2010

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Nov 12, 2010

Should I Wear a Swim Cap? (How To Choose a Swim Cap?)

To answer the question if you should wear swim cap, let's first think about why you are swimming and to what purpose would the cap be to you. So why do you swim?

If you are out there stroking from one side of the pool to the other for fun or great exercise and you have short hair, buying a swimming cap could be an overkill, therefore not necessarily something you'd need or enjoy. Only thing you need is a swim suit and and some decent goggles and you are set. On the other hand, if you are out there to become a competitive swimmer or you are already competing, it could be beneficial for you to wear a swimming cap and spend some time researching the types of caps that are out there.

Here are some resaons why you should or shouldn't wear a cap:

1) Do you have long hair? If so, I'd suggest you do wear a swim cap as it isvery hard to swim with the right technique, with the right head position while trying to lift your head to keep the hair out of your face. Also, some folks say that using a swimming cap does prevent your hair from chlorine damage, but I wouldn't too much thought to this. Chances are, you don't spend 40hrs a week in the pool for your hair to get damaged anyway, so you are safe there.

2) For the group of you that will be swimming in competitions and you don't suffer from long hair disease :), I'd suggest you DO NOT wear a swim cap in your regular swim practices on most occasions. The reason for this is that you want your time spend in the swimming pool practising to be harder and with more drag than while you are racing. Your head without a swimming cap, has ears flopping around and more pores, so the drag is much higher. If you work harder in practice, just by having more drag, your racing will feel much faster. So, to keep your drag larger in swim practice, stay away from swim caps. Not to be confused with minimizing resistance while swimming.

3) There are times in swim practices, however, that you should swim at competitions speed and practice certain things you will do in your swim meet. For example, practicing relay starts, relay exchanges, starts, turns or plain all out sprints. During these activities, you might want to consider wearing a swimming cap as it gets you used to the feeling which you will have while competing. When you swim with a swimming cap, your body and head feel a bit differently than without swimming cap. Because you have less drag with a swimming cap, you will glide further in streamline positions and could go much deeper in your starts etc. So, practicing these with a swimming cap once in a while, before you go to your main swim copetition is a good idea.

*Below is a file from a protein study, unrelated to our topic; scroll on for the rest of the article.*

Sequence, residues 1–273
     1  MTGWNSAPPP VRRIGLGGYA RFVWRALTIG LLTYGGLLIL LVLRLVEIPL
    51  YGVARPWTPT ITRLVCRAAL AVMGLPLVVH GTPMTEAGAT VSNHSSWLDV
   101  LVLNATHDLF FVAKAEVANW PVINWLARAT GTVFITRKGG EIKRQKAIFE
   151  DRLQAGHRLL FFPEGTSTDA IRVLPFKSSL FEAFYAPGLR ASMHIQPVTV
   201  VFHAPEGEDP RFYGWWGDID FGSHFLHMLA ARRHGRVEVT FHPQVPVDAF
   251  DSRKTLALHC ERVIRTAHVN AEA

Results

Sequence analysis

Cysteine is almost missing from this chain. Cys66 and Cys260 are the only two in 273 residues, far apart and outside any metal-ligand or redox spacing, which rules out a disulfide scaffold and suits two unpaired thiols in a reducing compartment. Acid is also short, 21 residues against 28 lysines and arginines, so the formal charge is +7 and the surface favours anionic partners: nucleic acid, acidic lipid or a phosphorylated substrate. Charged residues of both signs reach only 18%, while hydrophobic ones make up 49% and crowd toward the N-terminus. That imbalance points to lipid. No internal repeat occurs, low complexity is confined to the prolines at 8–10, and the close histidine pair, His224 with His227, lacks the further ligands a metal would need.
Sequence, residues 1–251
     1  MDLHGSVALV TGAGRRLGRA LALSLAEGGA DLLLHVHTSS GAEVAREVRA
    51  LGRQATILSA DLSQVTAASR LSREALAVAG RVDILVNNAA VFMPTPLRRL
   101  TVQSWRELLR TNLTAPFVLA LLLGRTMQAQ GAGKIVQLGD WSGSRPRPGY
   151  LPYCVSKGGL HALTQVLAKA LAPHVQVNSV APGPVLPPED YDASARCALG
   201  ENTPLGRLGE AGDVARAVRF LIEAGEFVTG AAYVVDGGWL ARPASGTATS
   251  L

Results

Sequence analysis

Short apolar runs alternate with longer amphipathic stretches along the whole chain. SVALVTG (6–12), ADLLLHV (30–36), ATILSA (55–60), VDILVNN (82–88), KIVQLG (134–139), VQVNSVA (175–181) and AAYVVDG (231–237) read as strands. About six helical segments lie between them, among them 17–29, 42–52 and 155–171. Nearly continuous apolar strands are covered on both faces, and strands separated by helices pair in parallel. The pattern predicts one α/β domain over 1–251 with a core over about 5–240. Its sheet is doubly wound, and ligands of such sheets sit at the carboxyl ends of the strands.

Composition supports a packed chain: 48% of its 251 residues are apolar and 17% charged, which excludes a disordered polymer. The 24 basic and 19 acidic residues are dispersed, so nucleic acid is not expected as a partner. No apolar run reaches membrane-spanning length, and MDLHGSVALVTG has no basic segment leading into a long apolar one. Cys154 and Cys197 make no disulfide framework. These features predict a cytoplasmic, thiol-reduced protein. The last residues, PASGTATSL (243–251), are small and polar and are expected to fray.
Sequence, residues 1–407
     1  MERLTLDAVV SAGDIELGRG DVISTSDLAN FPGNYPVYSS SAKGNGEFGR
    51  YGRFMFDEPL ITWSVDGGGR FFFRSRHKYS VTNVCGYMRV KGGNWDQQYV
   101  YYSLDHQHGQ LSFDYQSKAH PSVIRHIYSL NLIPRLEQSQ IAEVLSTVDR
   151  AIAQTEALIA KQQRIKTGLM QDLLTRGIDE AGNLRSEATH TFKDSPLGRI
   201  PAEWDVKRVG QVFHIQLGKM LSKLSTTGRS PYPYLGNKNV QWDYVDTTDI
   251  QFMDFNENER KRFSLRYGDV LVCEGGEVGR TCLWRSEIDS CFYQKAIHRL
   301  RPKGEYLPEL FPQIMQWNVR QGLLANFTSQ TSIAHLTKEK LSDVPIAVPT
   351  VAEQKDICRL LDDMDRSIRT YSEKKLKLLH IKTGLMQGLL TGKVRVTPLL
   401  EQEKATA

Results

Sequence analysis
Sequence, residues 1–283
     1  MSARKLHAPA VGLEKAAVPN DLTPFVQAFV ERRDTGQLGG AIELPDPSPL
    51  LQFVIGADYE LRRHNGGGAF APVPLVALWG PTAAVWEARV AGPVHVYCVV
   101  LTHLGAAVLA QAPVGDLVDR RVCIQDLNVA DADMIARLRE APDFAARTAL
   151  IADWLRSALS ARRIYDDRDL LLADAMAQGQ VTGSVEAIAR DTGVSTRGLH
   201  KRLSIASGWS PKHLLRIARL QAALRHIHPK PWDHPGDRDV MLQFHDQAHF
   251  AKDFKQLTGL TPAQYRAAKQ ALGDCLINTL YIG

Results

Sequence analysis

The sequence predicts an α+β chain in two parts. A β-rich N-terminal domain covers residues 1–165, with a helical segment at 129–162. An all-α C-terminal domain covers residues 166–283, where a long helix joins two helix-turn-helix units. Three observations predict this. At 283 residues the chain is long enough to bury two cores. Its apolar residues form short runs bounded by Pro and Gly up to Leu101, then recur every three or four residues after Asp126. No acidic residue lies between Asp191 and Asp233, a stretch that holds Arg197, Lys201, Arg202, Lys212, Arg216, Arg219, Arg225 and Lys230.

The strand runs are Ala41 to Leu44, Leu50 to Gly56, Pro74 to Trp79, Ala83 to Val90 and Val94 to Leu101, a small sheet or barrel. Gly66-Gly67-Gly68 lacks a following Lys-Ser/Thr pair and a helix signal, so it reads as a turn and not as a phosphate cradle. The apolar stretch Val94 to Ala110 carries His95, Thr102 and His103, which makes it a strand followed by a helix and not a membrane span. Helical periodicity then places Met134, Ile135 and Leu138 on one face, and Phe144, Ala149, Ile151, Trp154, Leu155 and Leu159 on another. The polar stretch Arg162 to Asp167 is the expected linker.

4) If you are an open water swimmer or do swim often in a very cold water, it is a very good idea to wear a swim cap as it helps with keeping your body heat. Most of your body heat usually escapes through your head, so by placing a swim cap on it will keep you warmer for longer. On the other hand, you can also easily become overheated in a warmer pool, so be careful.

5) If you think swim caps are uncool and you are out there to make a fashion statement by not wearing a swim cap, then think again as swimming caps come in a huge variate of colors, designs, materials, you can even design your own swimming cap, so don't worry about the way you look and get the cap that serves your purpose.

As mentioned above, there are swim caps made from many different materials. They range from lycra to latex and to silicon caps. If I have to give you just one advice about swimming caps, DO NOT buy Lycra caps. Pardon my french, but they are just dumb. First, they add more drag, they will not stay on your head and they will definitely not protect your hair from chlorine. For everyday swim practices, it is better to invest into latex or silicon caps. Latex caps are cheaper, but they do not last very long, so it could be better to invest into silicon type cap. However, be careful that the cap is not very tight on your head as your ears will start hurting after few minutes in the pool. From my personal experience, I'd suggest Latex caps for practice swims.

Finally if you are after a minimal drag in the water, the newish no-crease swim caps which are very smooth might be the way to go for you.

Be seen, keep your stuff dry and take a break when needed.

Oct 27, 2010

What's Your Swim Type? (Custom Tailored Swim Classes)

The guys over at SwimSmooth have done it again. After introducing us to the Wetronome (tech gadget to help you with your stroke rate) and Mr. Smooth (an application to show you how swimming is done from all angle at at all speeds), SwimSmooth has now produced SwimTypes.com.